A New Digital Television Network Will Showcase Artists — and Pay Them
As the coronavirus pandemic continues to put artists and creatives out of work, many musicians have turned to livestreaming, performing from their homes under self-quarantine. Several have donated to MusiCares’ COVID-19 Relief Fund, while many have demanded to receive unemployment benefits.
Now, a new digital television network will serve as an outlet for artists — while ensuring they get paid. Titled Our House TV, the network will pay $100 an hour (plus tips) to musicians, actors, comedians, DJs, teachers and creatives, replacing the work of paid gigs while venues, clubs and bars remain closed.
Streaming 24/7 through Vimeo, Our House will present a variety of pre-taped content, from performances to talk shows to cooking shows and puppet shows. Season One kicks off at 6 p.m. ET on Wednesday, and includes Poolisde, Darkside’s Dave Harrington, MS MR’s Lizzy Plapinger, Jeffrey Franca from Thievery Corporation and others. Artists can submit submissions on the Our House website; a teaser of the program can be found below.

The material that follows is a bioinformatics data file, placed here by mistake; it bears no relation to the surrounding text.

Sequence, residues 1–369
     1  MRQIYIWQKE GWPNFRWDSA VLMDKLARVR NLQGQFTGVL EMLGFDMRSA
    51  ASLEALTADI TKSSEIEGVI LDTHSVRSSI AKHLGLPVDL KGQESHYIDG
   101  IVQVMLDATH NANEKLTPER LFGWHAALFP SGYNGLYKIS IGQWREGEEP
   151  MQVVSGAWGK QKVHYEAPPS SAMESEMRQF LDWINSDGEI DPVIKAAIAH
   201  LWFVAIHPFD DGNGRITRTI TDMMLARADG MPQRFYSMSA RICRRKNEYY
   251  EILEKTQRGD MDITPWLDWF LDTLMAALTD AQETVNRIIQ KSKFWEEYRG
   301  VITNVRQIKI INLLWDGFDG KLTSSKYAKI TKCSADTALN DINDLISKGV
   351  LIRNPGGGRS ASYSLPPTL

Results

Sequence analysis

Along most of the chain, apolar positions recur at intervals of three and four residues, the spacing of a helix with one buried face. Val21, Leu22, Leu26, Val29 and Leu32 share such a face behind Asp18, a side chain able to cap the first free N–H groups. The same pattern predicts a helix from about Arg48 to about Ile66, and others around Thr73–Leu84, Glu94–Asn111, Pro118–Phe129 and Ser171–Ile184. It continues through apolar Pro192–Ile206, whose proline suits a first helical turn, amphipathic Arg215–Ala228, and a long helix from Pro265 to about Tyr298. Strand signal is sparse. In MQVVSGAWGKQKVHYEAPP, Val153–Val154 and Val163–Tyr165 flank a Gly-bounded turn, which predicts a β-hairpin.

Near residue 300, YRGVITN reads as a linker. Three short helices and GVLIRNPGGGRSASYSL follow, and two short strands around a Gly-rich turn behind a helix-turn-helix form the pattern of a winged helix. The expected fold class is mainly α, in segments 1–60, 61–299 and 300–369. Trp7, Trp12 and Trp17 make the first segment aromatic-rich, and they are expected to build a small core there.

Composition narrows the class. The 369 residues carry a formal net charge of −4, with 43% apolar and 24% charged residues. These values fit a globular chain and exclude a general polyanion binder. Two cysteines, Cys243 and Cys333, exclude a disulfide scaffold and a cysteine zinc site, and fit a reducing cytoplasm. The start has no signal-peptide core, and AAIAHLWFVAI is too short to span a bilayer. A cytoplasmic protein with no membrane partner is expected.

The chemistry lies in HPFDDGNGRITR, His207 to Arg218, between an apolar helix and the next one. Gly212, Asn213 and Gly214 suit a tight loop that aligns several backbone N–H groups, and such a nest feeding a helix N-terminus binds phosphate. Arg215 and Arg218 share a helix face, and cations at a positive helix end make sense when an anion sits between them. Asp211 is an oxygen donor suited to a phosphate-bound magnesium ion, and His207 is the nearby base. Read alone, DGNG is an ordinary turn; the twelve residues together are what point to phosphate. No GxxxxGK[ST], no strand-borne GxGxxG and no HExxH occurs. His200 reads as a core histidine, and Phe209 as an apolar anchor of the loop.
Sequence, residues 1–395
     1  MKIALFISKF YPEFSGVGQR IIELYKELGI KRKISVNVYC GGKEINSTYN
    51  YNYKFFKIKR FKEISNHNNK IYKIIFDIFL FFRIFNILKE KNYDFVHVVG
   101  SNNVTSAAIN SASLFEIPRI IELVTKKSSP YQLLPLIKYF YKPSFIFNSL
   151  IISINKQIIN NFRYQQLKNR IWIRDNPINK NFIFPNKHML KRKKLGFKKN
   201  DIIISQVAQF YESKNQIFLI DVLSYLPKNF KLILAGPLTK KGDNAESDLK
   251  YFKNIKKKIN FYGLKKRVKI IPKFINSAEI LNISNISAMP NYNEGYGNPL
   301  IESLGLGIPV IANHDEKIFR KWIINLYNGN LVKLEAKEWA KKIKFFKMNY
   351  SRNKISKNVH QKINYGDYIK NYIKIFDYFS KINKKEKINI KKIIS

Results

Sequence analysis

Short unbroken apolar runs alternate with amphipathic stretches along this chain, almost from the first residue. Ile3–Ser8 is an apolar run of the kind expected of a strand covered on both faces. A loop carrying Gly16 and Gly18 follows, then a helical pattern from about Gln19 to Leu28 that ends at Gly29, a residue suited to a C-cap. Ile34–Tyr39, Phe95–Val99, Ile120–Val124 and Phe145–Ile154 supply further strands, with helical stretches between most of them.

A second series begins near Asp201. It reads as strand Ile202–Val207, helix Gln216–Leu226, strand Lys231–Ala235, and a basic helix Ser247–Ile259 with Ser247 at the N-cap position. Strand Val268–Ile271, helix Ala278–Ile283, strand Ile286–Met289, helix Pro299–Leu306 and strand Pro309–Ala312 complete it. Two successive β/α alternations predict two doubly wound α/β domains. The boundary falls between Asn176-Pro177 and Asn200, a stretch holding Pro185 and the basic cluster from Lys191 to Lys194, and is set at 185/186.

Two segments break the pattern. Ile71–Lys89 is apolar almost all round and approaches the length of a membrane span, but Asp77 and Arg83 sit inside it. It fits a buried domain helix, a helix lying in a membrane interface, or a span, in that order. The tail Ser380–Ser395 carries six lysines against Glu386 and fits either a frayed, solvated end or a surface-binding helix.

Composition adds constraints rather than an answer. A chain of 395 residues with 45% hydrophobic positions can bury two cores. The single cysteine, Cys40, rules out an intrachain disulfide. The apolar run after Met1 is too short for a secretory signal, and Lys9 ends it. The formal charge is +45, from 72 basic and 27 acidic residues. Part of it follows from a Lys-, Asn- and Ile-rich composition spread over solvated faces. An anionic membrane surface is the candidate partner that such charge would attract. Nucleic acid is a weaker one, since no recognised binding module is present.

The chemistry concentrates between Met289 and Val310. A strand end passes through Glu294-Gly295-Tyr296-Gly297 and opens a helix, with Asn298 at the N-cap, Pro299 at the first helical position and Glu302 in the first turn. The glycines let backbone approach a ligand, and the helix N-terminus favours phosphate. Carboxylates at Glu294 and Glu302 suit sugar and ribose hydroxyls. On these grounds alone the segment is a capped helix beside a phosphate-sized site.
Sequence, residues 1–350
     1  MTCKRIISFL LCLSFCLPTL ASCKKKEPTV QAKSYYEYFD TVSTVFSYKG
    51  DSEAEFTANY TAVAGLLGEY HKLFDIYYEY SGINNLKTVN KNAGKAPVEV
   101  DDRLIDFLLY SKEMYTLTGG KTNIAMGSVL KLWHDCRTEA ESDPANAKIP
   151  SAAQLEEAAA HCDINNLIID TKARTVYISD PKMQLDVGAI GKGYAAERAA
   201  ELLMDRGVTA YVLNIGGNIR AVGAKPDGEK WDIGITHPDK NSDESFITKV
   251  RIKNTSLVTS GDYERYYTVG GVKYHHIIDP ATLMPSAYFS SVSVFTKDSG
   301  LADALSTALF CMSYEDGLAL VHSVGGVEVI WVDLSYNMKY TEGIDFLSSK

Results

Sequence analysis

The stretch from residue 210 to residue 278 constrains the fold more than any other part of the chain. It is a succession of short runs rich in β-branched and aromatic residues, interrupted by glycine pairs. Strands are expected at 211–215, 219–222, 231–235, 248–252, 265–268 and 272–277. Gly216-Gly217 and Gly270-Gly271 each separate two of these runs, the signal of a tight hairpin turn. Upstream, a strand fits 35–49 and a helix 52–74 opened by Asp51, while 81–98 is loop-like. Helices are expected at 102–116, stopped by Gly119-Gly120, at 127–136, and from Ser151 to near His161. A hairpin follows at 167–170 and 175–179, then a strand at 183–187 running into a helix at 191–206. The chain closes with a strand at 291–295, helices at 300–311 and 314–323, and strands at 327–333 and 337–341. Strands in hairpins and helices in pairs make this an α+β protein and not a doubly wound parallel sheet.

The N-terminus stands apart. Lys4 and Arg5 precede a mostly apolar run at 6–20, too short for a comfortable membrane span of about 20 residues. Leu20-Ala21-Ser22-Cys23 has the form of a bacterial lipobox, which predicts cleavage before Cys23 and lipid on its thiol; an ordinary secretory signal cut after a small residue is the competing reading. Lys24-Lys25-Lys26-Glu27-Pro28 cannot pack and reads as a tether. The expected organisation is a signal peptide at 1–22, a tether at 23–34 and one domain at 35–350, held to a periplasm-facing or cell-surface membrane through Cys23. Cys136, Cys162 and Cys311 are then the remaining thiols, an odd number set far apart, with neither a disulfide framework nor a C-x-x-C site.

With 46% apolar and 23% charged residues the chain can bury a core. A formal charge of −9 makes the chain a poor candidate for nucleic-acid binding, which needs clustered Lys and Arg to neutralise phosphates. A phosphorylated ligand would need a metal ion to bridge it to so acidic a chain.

Created by Graham Fortgang and Julian Kahlon, the concept was born out of a “knee-jerk reaction” to the pandemic, with the creative community taking a major blow from not being able to perform. They found a sponsor, MatchaBar Hustle, plus other contributors to help fund the artists.
“This is a second job,” Fortgang tells Rolling Stone. “It’s a passion project, something built on the backs of people working into the night. We are talking to artists around the world hungry for work, but more importantly hungrier to express themselves — we have late-night horror stories, mermaids singing in bathtubs, adult puppet shows and of course, everything else you’d expect from a tv network — music, comedy & film!”
Our House was inspired by the late Seventies public-access show TV Party. “To us, TV Party was defined as random yet deliberate,” Kahlon says. “There are times where you’re watching TV Party and thinking, ‘What the hell is going on?’ But that’s sort of the point.”
“There’s an underlying sense of it not taking itself too seriously and we’re trying to giving that feeling back to the creators,” Kahlon adds. “It’s stressful to create right now, [so] it’s important to lighten the mood.”
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